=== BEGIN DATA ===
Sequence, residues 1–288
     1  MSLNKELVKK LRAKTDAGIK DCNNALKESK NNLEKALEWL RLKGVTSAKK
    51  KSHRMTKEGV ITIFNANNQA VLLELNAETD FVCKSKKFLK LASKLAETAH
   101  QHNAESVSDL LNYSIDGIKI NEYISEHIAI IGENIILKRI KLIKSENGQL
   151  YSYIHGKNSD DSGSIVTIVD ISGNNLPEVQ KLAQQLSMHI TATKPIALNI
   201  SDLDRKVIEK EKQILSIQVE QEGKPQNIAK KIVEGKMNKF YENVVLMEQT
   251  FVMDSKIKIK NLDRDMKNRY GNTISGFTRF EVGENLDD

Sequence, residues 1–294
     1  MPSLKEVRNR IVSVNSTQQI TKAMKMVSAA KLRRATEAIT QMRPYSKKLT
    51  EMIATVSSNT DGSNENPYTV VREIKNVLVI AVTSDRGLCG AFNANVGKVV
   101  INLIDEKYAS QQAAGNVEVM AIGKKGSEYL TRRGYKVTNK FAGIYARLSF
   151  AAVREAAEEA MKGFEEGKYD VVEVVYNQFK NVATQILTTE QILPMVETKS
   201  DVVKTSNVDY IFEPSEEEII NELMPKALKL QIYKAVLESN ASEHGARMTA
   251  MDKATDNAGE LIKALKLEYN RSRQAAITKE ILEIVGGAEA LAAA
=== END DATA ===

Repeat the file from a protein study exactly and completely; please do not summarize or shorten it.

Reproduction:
Sequence, residues 1–288
     1  MSLNKELVKK LRAKTDAGIK DCNNALKESK NNLEKALEWL RLKGVTSAKK
    51  KSHRMTKEGV ITIFNANNQA VLLELNAETD FVCKSKKFLK LASKLAETAH
   101  QHNAESVSDL LNYSIDGIKI NEYISEHIAI IGENIILKRI KLIKSENGQL
   151  YSYIHGKNSD DSGSIVTIVD ISGNNLPEVQ KLAQQLSMHI TATKPIALNI
   201  SDLDRKVIEK EKQILSIQVE QEGKPQNIAK KIVEGKMNKF YENVVLMEQT
   251  FVMDSKIKIK NLDRDMKNRY GNTISGFTRF EVGENLDD

Sequence, residues 1–294
     1  MPSLKEVRNR IVSVNSTQQI TKAMKMVSAA KLRRATEAIT QMRPYSKKLT
    51  EMIATVSSNT DGSNENPYTV VREIKNVLVI AVTSDRGLCG AFNANVGKVV
   101  INLIDEKYAS QQAAGNVEVM AIGKKGSEYL TRRGYKVTNK FAGIYARLSF
   151  AAVREAAEEA MKGFEEGKYD VVEVVYNQFK NVATQILTTE QILPMVETKS
   201  DVVKTSNVDY IFEPSEEEII NELMPKALKL QIYKAVLESN ASEHGARMTA
   251  MDKATDNAGE LIKALKLEYN RSRQAAITKE ILEIVGGAEA LAAA